By Jay Kinsbruner
Winner, a decision journal striking educational e-book, 2007
The colonial Spanish-American urban, like its counterpart around the Atlantic, used to be an outgrowth of industrial firm. a middle of entrepreneurial task and wealth, it drew humans looking a greater existence, with extra academic, occupational, advertisement, bureaucratic, and marital chances than have been to be had within the rural areas of the Spanish colonies. certainly, the Spanish-American urban represented wish and chance, even if now not for everyone.
In this authoritative paintings, Jay Kinsbruner attracts on many assets to provide the 1st historical past and interpretation in English of the colonial Spanish-American urban. After an summary of pre-Columbian towns, he devotes chapters to many vital features of the colonial urban, together with its governance and administrative constitution, actual shape, financial system, and social and kinfolk lifestyles. Kinsbruner's overarching thesis is that the Spanish-American urban advanced as a situation of trans-Atlantic capitalism. Underpinning this thesis is his view that there have been no plebeians within the colonial urban. He demands a category interpretation, with an emphasis at the lower-middle classification. His learn additionally explores the energetic roles of ladies, lots of them heads of families, within the colonial Spanish-American city.
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Additional info for The Colonial Spanish-American City: Urban Life in the Age of Atlantic Capitalism
This would end abruptly at the hands of the Spaniards. We can only guess how many houses, including palaces, Tenochtitlán held when the Spaniards arrived in 1519. Later chroniclers sometimes had it at 60,000 houses for a population of some 300,000. Both of these ﬁgures are exaggerated by about half. Conservatively, it is probable that the city held somewhere between 30,000 and 40,000 houses. Virtually all of those in the central zones of the city would be destroyed by Cortés and his soldiers. Cortés’ assault on Tenochtitlán in 1521 met with ﬁerce resistance.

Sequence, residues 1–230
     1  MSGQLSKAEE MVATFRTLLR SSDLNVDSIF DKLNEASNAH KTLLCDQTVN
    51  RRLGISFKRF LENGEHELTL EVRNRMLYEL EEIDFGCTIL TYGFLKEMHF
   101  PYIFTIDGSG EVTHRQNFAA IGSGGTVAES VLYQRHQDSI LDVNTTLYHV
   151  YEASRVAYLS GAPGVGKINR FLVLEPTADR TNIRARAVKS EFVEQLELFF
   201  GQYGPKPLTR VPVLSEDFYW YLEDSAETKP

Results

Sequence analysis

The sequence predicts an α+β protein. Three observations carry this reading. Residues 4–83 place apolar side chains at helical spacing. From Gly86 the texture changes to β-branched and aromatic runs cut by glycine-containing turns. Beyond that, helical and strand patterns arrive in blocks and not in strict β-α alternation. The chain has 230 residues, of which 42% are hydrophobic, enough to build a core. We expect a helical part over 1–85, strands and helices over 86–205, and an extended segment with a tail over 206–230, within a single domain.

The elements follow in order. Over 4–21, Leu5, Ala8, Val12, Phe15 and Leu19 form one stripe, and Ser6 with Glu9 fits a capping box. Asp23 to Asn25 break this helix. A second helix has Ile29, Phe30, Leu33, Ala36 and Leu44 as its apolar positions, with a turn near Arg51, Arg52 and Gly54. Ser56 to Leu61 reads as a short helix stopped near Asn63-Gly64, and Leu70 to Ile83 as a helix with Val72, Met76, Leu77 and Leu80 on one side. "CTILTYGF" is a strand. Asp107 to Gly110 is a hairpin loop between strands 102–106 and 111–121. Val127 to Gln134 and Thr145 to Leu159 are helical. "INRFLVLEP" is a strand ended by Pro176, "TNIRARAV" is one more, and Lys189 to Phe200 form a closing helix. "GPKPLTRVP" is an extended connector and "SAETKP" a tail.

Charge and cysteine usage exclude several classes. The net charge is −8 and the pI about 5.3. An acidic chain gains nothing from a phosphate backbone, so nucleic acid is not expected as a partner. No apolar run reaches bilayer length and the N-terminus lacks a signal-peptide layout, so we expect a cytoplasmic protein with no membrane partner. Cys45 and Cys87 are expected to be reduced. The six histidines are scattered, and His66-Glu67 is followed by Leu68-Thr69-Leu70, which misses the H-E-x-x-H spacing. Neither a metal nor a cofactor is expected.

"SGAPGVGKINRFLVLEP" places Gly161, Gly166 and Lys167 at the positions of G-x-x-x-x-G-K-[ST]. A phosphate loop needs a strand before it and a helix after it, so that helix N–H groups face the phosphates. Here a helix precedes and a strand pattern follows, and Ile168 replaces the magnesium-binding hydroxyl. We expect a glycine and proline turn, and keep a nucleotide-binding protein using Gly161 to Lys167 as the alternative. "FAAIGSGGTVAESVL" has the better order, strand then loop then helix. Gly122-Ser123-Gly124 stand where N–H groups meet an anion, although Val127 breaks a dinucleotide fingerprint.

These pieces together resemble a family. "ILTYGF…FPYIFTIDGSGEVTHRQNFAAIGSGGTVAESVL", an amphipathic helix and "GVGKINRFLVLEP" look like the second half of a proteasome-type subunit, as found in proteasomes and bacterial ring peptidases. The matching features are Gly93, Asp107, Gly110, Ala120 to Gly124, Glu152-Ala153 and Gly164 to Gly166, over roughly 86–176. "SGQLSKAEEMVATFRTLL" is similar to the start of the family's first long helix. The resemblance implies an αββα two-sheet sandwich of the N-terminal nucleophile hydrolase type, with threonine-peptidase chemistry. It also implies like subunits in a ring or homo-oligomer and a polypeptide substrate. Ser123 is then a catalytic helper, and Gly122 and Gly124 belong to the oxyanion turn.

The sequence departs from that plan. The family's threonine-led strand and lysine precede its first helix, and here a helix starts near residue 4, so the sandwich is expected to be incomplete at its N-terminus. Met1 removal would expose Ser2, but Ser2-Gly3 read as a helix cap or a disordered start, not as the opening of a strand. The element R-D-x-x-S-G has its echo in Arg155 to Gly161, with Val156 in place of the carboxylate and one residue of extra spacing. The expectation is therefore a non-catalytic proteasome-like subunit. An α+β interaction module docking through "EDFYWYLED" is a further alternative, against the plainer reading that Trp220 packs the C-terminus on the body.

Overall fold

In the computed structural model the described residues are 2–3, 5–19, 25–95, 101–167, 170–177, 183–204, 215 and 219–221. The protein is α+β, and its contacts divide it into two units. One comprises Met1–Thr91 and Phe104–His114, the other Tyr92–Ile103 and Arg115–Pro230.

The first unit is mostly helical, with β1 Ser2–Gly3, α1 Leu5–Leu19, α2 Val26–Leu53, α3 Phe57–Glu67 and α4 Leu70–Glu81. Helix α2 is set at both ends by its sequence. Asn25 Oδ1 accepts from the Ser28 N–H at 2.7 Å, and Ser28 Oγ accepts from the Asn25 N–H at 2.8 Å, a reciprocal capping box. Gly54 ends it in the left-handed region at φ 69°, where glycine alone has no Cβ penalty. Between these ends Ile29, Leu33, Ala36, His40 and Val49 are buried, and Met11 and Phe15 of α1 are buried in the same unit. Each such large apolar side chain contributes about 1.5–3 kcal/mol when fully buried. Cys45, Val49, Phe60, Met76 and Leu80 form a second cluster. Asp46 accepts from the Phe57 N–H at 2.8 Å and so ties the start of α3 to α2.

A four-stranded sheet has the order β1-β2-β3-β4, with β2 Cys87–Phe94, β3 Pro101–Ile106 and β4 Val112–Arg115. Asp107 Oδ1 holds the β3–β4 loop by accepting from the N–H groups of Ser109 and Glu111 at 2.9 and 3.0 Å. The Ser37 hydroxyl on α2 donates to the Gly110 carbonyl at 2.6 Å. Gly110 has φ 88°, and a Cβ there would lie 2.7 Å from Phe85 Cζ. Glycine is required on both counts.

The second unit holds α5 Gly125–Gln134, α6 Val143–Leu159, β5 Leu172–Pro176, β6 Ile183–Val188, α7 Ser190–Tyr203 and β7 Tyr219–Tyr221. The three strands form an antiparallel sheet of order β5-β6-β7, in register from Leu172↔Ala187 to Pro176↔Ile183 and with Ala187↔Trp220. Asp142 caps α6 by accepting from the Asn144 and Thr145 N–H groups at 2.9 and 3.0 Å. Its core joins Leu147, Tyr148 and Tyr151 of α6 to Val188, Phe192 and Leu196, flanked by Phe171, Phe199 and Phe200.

Population growth of several colonial cities Now that we have the general urban morphology laid out, we can proﬁtably add population growth to the picture. There are population data (which are not as reliable during the early colonial period as they would be during the later eighteenth century) for 191 urban centers in Spanish America for 1580 and 165 urban centers for 1630. 37. Although the secular population trend was generally upward, many habitats witnessed population losses, perhaps most egregiously the great Andean mining city of Cerro de Potosí, which by mid-sixteenth century enjoyed commanding aﬄuence and a population of about 140,000 people.
Lesser cities were entitled to two alcaldes and eight regidores as well as the standard array of lesser oﬃcials. Towns and villages were permitted only one alcalde and up to four regidores. Following are the main urban oﬃcials that formed the town councils: Alcalde ordinario (magistrate with executive/administrative responsibilities) Regidor (alderman) Alférez real (royal standard bearer) Alguacil mayor (chief constable) Fiel ejecutor (inspector of weights and measures) Procurador general or síndico (procurator or syndic—the council’s chief legal counsel) In addition, there were lesser oﬃcials, such as the escribano mayor (the council’s chief notary), depositario general (keeper of accounts), alcalde provincial (alcalde of the provincial region), escribano (notary/scribe), portero (courier), and, in the larger cities, alcaldes de barrios.
The Colonial Spanish-American City: Urban Life in the Age of Atlantic Capitalism by Jay Kinsbruner